‘Money can't buy me love?': Re-evaluating the empowerment potential of loans to women in rural Bangladesh
Credit programmes have become an increasingly important intervention for addressing poverty both in Bangladesh, and elsewhere, as a result of successive evaluations attesting to their important developmental benefits. The success of these programmes lies largely in the provision of subsidised access rather than of subsidised loans. Many charge the same rates of interest as the formal banking sector and have been able to use the funds raised to build their financial sustainability and institutional outreach. Through a strategy of direct lending or financial intermediation combined with reliance on group liability for loans in place of conventional collateral requirements which poor people can rarely fulfill, these programmes have ensured a supply of credit to those normally marginalised from the formal banking sector. They have consequently been credited with compensating for financial ‘market failure’, with reducing the reliance of the poor on usurious moneylenders and with enhancing the productivity of their livelihood efforts.. What has led to even greater interest in these programs is the documentation of the positive impacts associated with lending to poor women: both economic impacts in terms of poverty alleviation and higher repayment rates as well as more social ones to do with improvements in women’s position within family and society.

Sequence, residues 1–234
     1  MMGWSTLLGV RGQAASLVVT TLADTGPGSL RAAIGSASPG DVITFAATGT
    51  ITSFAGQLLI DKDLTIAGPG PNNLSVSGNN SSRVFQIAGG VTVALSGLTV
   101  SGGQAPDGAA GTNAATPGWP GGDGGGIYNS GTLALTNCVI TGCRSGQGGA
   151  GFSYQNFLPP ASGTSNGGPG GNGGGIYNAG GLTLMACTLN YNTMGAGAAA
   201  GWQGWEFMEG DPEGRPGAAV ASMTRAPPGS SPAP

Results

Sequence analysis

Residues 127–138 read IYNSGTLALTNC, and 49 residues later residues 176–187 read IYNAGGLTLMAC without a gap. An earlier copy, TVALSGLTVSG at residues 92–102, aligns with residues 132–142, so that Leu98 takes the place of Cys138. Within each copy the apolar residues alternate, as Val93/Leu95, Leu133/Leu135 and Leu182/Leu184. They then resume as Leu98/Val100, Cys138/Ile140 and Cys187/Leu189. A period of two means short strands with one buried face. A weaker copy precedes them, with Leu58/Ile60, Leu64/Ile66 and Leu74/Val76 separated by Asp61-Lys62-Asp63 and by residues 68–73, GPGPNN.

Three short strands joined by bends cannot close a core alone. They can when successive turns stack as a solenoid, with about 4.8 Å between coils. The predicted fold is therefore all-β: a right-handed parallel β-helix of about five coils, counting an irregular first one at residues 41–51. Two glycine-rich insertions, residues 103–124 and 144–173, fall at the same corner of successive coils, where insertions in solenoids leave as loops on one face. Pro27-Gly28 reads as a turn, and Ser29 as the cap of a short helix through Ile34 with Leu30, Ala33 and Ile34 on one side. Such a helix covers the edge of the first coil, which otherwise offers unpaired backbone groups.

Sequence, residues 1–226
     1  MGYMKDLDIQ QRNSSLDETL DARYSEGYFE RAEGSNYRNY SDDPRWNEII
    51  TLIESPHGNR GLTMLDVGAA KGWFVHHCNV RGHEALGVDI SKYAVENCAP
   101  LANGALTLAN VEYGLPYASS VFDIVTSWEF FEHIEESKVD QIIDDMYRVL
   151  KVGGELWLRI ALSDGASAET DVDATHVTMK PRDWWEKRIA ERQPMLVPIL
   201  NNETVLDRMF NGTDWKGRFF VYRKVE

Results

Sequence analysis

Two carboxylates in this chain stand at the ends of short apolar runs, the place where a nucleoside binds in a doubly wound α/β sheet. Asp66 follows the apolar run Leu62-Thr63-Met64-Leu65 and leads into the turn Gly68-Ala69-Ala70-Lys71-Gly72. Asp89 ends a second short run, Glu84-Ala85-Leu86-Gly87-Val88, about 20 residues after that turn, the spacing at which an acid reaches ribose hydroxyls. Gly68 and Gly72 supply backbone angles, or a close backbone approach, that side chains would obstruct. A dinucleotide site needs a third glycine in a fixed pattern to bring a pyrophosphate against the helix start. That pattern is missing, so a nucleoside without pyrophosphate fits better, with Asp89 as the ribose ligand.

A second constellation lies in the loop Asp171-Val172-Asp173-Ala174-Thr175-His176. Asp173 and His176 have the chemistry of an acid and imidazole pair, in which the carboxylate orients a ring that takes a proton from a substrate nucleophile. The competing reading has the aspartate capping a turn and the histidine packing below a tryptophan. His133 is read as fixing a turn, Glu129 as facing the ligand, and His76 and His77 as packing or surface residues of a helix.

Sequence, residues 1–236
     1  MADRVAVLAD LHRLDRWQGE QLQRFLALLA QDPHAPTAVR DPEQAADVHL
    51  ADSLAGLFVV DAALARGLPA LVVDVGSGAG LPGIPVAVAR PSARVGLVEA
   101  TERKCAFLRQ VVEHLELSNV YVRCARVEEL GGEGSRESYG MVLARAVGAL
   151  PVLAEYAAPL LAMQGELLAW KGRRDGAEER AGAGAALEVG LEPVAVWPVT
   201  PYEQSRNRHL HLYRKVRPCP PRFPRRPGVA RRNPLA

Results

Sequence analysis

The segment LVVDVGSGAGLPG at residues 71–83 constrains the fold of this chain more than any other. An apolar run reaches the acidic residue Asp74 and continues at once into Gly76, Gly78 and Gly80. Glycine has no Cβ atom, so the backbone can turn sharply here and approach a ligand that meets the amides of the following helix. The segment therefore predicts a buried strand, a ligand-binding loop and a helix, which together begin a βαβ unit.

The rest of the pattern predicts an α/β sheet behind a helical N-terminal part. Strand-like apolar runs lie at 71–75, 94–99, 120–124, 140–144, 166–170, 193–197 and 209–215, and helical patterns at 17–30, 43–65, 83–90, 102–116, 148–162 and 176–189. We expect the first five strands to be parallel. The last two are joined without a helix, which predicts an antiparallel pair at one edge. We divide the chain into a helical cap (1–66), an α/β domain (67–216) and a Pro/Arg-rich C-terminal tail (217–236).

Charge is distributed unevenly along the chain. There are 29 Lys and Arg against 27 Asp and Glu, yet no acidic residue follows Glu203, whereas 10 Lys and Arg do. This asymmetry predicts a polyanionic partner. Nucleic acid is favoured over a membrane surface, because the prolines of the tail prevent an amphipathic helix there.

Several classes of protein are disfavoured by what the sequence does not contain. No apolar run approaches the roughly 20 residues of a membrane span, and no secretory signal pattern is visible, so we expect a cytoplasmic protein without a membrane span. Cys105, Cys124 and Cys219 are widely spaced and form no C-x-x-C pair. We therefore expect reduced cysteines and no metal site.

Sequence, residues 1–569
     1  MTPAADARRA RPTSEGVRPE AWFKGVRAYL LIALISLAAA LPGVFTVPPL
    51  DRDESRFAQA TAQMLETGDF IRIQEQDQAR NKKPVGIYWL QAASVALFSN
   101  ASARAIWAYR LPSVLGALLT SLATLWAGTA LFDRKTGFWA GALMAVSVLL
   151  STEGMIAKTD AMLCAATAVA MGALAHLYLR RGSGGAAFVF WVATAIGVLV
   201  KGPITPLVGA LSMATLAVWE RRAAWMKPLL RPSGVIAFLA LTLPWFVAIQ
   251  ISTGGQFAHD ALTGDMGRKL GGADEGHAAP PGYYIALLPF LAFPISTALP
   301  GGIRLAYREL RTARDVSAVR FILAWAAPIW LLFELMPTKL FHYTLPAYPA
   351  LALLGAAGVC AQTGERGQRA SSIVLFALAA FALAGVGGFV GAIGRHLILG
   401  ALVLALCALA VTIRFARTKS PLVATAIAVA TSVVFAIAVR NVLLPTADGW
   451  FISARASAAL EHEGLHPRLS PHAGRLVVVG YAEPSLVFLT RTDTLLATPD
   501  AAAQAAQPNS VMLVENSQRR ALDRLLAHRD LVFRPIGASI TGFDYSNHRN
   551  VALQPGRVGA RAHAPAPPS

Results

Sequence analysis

CitationKabeer, N. (1998) ‘Money can't buy me love?': Re-evaluating the empowerment potential of loans to women in rural Bangladesh. IDS Discussion paper series, 363. Brighton: IDS.
Is part of seriesIDS discussion papers;363
Library catalogue entryhttp://bldscat.ids.ac.uk/cgi-bin/koha/opac-detail.pl?biblionumber=111685
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